Reverend Al Sharpton is the President of the National Action Network (NAN) and one of America’s most-renowned civil rights leaders. Whether it was his noteworthy run for President of the United States in 2004 or his use of passive resistance and non-violent civil disobedience, Rev. Sharpton has had an irrefutable impact on national politics because of his strong commitment to equality and progressive politics. As the head of one of the most well-known civil rights organizations that has over forty chapters and affiliates across the United States, Rev. Sharpton has been applauded by both supporters and non-supporters for challenging the American political establishment to be inclusive to all people regardless of race, gender, class or beliefs. Ever since his surrogate father, the Godfather of Soul, James Brown, told him, “you can’t set your sights on nothing little…you got to go for the whole hog,” Rev. Sharpton has been doing just that. He was born on October 3, 1954, in Brooklyn, New York, and began his ministry at the unusually early age of four. He preached his first sermon at that age at Washington Temple Church of God & Christ in Brooklyn where he was licensed by the legendary Bishop F. D. Washington at age nine to be a minister in that denomination. He likewise started his civil rights career very young. At age 13, he was appointed, by Reverends Jesse Jackson and William Jones, the youth director of New York’s SCLC Operation Breadbasket (founded by Dr. Martin Luther King Jr.). At age 16, Sharpton founded the National Youth Movement Inc. which organized young people around the country promoting voter registration, cultural awareness and job training programs. Rev. Sharpton was educated in public schools in New York and attended Brooklyn College. He was later presented with an honorary degree from A.P. Clay Bible College. In 1991, Sharpton founded the National Action Network a broad-based, progressive civil rights organization which he still heads. From 1994 to 1998, Rev. Sharpton served as Director of the Ministers Division for the National Rainbow Push Coalition under Rev. Jesse Jackson while still serving as the head of NAN. Upon the death of Bishop Washington in the late 80s, Rev. Sharpton became a Baptist, and in 1994, he was re-baptized as a member of the Bethany Baptist Church by Rev. William Jones. Rev. Sharpton has rejuvenated the Civil Rights movement while raising the bar for political participation for people of color. In 1999, when a young unarmed African immigrant was gunned down in the vestibule of his home by four New York City police officers, Sharpton led 1,200 people in the civil disobedience protest arrest. The throngs that followed him to jail in this protest included former mayors, congressman and religious and community leaders across racial, ethnic and political lines. Rev. Sharpton’s platforms against racial profiling and police brutality has reached an international audience, and his work on human rights issues has taken him to Sudan, Israel, Europe and further, where he has formed alliances with international peace activists across the world. But perhaps his most significant international visit was his sojourn to Vieques, Puerto Rico in 2001. Sharpton and three Latino elected officials from New York visited Vieques to protest the U.S. Naval bombing exercises on the island, a practice that has endured for over 60 years. After visiting with hundreds of Puerto Rican citizens who have suffered physical and mental infirmities as a result of the bombing exercises, Sharpton and the other members of the “Vieques Four” led the protest at the U.S. Naval Base in Puerto Rico. They were subsequently arrested, tried several weeks later and sentenced to 40 to 90 days – Sharpton received the longest sentence – in federal prison for their protests. While Sharpton was in jail, he fasted, losing eighty pounds, and even managing to influence the local mayoral election. Because of the stand that the “Vieques Four” took that summer, President George W. Bush addressed the issue and ordered the Navy to end their exercises in 2003. Rev. Sharpton is a member of Bethany Baptist Church in his native Brooklyn neighborhood where the late William A. Jones, Jr., was the Pastor. Rev. Sharpton still preaches throughout the United States and abroad on most Sunday’s, and averages eighty formal sermons a year. Rev. Sharpton says his religious convictions are the basis for his life. In addition to continuing to run NAN, Rev. Sharpton hosts a talk show on Syndication One that broadcasts in 40 markets, five days a week, and he hosts “Sharptalk” on TV One-- a national cable show based in a barber shop setting. Rev. Al and Kathy Jordan Sharpton have two daughters, Dominique and Ashley.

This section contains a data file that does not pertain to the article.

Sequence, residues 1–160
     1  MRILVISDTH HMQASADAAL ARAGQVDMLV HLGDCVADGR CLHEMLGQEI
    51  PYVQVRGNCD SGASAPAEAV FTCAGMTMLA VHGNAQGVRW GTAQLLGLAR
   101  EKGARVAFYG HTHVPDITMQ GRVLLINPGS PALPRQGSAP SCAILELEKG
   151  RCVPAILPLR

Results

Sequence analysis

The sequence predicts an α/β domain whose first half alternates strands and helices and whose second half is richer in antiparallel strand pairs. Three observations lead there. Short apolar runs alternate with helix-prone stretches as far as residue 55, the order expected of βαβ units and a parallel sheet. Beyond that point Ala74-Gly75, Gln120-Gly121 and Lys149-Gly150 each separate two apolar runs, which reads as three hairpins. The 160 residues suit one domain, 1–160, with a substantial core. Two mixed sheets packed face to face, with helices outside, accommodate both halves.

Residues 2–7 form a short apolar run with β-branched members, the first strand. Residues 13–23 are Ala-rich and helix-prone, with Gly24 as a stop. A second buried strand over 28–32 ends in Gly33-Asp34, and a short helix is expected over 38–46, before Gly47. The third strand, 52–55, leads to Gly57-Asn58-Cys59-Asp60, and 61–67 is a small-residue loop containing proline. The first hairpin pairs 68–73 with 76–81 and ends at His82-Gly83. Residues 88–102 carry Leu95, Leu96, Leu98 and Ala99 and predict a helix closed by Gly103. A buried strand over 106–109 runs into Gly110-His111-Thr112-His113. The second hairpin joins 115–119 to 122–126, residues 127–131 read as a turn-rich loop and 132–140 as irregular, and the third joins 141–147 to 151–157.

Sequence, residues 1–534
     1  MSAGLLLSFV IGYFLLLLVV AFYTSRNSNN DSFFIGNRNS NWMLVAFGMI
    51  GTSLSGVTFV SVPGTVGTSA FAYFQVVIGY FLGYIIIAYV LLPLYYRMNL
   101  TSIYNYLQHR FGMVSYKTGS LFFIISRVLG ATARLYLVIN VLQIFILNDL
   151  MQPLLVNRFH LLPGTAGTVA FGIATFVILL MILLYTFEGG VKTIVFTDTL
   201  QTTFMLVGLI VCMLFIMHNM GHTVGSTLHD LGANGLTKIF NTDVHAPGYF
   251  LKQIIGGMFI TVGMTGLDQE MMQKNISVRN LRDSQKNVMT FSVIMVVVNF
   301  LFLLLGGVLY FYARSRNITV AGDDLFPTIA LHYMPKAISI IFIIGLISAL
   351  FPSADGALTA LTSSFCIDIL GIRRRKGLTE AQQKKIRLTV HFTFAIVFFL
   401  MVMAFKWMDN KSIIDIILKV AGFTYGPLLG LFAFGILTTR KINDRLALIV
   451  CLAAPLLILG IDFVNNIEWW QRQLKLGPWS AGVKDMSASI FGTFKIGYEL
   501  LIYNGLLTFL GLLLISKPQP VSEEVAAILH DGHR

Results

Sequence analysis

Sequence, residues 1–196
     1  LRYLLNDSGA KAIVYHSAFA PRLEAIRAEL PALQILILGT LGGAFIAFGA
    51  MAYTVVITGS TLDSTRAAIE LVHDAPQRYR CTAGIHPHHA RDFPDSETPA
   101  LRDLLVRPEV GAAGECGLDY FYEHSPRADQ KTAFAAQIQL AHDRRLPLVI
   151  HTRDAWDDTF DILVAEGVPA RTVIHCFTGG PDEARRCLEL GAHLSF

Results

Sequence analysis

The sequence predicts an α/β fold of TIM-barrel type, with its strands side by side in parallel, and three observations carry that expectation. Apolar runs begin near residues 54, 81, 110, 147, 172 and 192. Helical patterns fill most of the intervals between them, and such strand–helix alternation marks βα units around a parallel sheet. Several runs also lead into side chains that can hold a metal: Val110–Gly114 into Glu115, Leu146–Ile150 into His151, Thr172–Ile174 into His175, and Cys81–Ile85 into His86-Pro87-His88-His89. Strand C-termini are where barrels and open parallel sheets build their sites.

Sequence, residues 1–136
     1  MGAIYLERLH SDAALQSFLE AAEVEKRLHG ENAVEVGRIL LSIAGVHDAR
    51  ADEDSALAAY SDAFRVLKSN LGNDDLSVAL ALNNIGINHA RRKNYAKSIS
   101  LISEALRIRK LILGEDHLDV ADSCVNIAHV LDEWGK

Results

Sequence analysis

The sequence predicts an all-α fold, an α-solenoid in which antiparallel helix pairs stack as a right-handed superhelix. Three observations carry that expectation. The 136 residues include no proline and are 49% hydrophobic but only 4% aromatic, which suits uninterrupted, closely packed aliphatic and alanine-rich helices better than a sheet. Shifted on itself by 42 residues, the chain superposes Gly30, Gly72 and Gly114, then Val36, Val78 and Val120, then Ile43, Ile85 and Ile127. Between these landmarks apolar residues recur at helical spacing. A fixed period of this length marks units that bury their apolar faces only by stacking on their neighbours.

Lors de l'élection de Barack Obama au poste de président en 2008, il y a eu ce fantasme général que nous vivions dans une Amérique au-delà des races. Les médias ont mis en avant l'idée que l'activisme pour l'égalité des droits appartenait au passé et que les activistes comme moi étaient obsolètes. Même si cela a fait rire beaucoup d'entre nous, il est important de revenir sur le sujet alors qu'approche le 50e anniversaire de la Marche vers Washington pour le travail et la liberté de Martin Luther King.
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